From my research on the Internet, in Roman numerals, MDCCCL means M=1000, D=500, C=100 (CCC = 100 x 3); L=50. It sums up to 1850. 1850 + 37 = 1887. So, the Roman letterings I.Maggio MDCCCLXXXVII means 1 May 1887. Must be a year of significant for Venice, or Italy in general.

So what happened in May 1887? And why does a monument bears the date?

Well, a lot of things happened in Italy in May 1887 and one that relates to the statue was an inauguration date. The monument above was inaugurated in May 1st, 1887. The monument was made to honour Vittorio Emmanuele II, the first king of a United Italy. It is located on the Riva degli Schiavoni waterfront in the Castello district of Venice (Venezia), Italy. There are several of them in other cities in Italy.

The bronze equestrian monument is 125 years old and was sculpted by Ettore Ferrari. Ferrari was born to an artistic family. He was a professor at the Accademia di San Luca, a deputy in the Italian Parliament and Grand Master of the Grande Oriente d’Italia. He sculpted many other statues around Italy.

Now, knowing a history behind a monument or statue, or better known as public art, is more significant. Although I could not gather the information during my visit to Venice, I am glad I took pictures and made the effort to find the history of this monument. Here are more pictures of the monument.

 Credit: most informations are from

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Art & Places: Coca-cola Crateman, Cape Town

If you read my post about the Nobel Peace Prize laureates Statues at V and A Waterfront, Cape Town, you must’ve seen something interesting in the background. Something red.

Well, it caught my eyes too. It was red and gigantic, who could’ve not noticed that. What made it more interesting was the fact that it is made out of Coca-Cola crates. 4,200 crates to be exact, with an inner skeleton of scaffolding and cable ties to hold the structure.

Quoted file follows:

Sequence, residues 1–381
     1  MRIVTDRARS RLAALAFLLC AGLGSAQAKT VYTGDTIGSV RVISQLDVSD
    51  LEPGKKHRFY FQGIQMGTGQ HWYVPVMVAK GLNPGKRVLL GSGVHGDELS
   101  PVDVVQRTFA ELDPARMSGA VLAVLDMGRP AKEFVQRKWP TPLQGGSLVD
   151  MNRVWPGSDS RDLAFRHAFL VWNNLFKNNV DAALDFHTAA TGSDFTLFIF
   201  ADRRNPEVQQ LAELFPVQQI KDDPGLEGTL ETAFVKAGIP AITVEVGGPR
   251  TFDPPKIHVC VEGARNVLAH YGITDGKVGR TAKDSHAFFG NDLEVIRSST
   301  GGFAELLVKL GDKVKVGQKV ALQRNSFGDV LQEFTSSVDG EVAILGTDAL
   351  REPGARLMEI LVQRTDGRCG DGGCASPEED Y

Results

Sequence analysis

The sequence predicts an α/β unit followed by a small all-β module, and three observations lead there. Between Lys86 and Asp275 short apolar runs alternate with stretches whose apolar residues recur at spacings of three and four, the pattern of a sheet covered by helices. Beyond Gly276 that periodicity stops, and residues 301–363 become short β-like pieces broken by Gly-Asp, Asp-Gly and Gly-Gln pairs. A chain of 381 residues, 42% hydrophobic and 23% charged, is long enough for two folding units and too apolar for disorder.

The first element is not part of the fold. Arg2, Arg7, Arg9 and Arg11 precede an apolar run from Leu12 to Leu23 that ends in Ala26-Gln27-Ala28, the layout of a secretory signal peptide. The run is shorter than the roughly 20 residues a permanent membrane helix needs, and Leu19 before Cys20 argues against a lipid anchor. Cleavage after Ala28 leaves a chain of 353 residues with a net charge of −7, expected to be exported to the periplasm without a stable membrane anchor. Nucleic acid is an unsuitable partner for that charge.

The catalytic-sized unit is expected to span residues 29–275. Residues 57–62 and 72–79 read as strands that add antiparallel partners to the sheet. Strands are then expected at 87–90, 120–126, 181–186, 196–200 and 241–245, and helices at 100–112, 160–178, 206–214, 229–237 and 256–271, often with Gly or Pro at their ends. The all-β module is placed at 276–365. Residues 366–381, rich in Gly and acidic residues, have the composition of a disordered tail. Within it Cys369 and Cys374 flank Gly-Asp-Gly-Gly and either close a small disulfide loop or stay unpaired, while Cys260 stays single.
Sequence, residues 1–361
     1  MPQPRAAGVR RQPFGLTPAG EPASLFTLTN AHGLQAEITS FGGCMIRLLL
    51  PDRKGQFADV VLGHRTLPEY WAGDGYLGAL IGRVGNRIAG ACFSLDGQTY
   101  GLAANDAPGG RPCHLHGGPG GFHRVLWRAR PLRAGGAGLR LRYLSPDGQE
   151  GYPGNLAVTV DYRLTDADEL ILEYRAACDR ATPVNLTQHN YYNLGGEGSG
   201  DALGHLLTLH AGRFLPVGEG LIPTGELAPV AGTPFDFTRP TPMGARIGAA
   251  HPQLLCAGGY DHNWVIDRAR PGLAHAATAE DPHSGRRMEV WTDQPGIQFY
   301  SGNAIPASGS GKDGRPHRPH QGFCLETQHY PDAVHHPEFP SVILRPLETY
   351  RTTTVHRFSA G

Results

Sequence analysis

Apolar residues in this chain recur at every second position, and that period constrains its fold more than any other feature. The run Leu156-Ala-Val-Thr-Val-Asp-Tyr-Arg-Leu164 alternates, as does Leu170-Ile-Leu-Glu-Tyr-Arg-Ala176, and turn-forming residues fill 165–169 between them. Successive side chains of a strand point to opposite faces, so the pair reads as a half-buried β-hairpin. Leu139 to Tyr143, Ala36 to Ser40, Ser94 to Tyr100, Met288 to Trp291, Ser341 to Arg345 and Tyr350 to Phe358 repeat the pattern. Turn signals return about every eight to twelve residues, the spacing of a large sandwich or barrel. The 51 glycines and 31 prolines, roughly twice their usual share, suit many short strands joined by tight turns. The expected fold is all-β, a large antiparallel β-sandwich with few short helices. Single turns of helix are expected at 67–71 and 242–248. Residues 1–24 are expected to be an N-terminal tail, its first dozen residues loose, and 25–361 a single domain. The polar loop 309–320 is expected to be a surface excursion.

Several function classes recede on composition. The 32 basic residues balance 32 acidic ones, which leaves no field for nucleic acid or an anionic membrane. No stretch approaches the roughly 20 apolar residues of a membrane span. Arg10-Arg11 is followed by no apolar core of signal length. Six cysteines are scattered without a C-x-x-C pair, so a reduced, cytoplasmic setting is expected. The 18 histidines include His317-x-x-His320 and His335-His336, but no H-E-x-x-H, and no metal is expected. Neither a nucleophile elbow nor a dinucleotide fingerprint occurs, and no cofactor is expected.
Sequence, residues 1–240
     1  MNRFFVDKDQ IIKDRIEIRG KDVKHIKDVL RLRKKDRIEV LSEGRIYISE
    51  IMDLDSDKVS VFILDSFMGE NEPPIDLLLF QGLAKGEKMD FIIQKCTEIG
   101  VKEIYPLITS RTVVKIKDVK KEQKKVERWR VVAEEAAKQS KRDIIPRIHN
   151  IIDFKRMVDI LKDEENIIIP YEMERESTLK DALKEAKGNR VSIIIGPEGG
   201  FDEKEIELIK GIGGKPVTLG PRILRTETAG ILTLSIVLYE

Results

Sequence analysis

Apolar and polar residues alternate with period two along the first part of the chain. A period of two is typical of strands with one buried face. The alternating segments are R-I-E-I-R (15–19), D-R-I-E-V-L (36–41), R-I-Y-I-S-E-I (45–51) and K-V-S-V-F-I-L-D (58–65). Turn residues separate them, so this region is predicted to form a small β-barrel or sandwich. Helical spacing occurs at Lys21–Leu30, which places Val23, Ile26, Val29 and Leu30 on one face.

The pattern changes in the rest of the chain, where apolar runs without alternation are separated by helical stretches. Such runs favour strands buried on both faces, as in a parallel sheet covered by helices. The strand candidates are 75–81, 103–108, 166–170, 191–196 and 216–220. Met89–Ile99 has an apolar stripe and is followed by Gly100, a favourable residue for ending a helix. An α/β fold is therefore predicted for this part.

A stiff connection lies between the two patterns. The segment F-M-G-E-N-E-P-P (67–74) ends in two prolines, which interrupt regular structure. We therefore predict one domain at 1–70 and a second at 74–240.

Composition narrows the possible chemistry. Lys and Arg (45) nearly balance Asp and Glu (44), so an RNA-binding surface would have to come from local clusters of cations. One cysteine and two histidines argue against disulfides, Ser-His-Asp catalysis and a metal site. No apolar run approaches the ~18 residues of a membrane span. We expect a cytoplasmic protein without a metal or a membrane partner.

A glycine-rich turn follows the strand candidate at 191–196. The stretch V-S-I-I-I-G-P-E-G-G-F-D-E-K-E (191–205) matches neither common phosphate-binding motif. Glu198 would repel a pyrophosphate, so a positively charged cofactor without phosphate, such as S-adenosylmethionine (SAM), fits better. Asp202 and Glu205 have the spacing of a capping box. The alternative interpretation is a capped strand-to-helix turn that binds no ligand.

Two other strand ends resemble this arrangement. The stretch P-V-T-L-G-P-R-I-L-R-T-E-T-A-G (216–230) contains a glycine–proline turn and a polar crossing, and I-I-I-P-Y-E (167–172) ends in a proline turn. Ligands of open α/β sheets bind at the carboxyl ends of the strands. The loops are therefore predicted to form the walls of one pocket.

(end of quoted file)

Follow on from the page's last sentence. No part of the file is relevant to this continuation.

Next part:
Elliot the crateman, V and A Waterfront, Cape Town, South Africa. July 2011.

This giant crateman or cratefan stands 60 feet tall and weighs a whopping 27 tons. It was built by Porky Hefer and his team for Coca-Cola to draw attention to the ever-increasing importance of recycling both cans and plastic bottles. Elliot (named after a foreman of the team who built it) was built for the 2010 FIFA World Cup.  According to a signboard there, all materials will be reused or recycled when Elliot is dismantled in 2011. But to verify whether Elliot is still in one piece, I checked with VandAWaterfront on twitter. The person-in-charge told me that Elliot will still be there throughout 2012. Don’t you love social media?!

So, if you travel to Cape Town, don’t miss the chance to ‘say’ hi to him!




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Art & Places: Nobel Peace Prize Laureates statues, Cape Town

When visiting V & A Waterfront, Cape Town, South Africa, one cannot miss a row of Nobel Peace Prize Laureates statues at the Nobel Square.

When my husband and I came across these four statues, we were excited to take photos. The four statues are arranged in a neat row for us to pose by, with the added bonus of Table Mountain as a backdrop–a photo opportunity not to be passed up!

The four Laureates are Albert Lithuli (1960), Desmond Tutu (1984), FW de Klerk (1993) and Nelson Mandela (1993). The larger-than-life-sized statues are casted in bronze and were the work of renowned Cape Town artist, Claudette Schreuders. These bronze statues were built to honour South Africa’s four Nobel Peace Prize Laureates for the role they played in achieving peace and democracy.

Nobel Square is situated just beside Waterfront Art Market.

My husband posing with the statues. His favourite is of course, Mr. Mandela. I tell about the giant red crates statue later in another post.